This groundbreaking work demonstrates how forgiveness when approached in the correct manner, benefits the person who has forgiven far more than the person who has been forgiven. This book leads the readers on the track of harmony, which is likely to bring them clarity of thoughts and peace of mind. This book illustrates a step-by-step process for resolving anger and restoring hope. It is a self-help book for people who are caught in the vicious circle of anger, resentment and seemingly endless destructive patterns and those who are looking for a way out. This book describes an intensive investigation program into forgiveness developed by the human Development Study Group at the University of Wisconsin, Madison, United States. The work by this group was so successful that in 1974, the International forgiveness institute, a non-profit organization, which helped people understand forgiveness was founded.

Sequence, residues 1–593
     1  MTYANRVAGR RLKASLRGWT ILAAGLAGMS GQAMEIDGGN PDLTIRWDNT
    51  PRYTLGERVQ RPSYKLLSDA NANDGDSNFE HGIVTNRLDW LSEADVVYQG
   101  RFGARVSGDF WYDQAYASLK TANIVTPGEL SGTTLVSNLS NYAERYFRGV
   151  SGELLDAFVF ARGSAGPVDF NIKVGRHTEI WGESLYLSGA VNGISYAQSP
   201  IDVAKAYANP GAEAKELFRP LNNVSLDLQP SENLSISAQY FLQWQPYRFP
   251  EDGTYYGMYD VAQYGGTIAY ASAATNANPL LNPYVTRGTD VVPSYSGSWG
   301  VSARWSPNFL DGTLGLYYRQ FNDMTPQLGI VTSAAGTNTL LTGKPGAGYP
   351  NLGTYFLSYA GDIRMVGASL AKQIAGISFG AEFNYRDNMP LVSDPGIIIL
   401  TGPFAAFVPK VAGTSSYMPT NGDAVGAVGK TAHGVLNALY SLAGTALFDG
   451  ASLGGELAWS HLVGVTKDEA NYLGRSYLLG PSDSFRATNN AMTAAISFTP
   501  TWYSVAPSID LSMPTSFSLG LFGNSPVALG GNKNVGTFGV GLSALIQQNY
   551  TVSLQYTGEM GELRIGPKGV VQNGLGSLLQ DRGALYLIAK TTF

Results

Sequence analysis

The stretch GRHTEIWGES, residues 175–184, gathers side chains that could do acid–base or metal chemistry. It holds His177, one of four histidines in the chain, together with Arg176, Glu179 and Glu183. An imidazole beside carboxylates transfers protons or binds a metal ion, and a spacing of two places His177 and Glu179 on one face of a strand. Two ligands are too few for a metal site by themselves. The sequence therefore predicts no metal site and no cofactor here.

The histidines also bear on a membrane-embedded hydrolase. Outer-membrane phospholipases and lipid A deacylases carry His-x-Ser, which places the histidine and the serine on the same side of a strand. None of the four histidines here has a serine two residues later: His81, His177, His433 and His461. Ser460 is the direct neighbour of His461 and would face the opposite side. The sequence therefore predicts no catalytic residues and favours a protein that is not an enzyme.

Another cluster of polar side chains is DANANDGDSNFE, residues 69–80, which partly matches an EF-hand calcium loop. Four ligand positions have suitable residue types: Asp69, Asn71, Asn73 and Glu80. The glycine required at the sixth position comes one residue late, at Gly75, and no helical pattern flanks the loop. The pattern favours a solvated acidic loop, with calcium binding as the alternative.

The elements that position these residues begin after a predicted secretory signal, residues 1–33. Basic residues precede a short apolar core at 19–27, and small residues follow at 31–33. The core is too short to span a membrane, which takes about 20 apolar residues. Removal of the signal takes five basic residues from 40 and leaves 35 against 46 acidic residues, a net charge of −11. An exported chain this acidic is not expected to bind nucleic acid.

This book introduces a scientifically tested program for forgiveness. It is likely to provide benefit to the forgiver. This method helps in providing freedom from anger, resentment, bitterness and the self-destructive behavior pattern accompanying them. Though the author does not claim that the forgiveness process is likely to work for every problem and every person, it is likely to produce amazing changes in people’s lives. Forgiveness and building of trust is likely to restore many a relationships and families. Each human being has been endowed with the innate ability to forgive. The reasons and means of forgiving are contained in this wonderful book.
RC Hunter (1978), a Canadian psychiatrist, was the first therapist to report on the benefits of forgiveness. According to him, people having a variety of psychological symptoms can experience healing through forgiveness. He also found that people who are anxious can experience an increased amount of inner peace through forgiveness.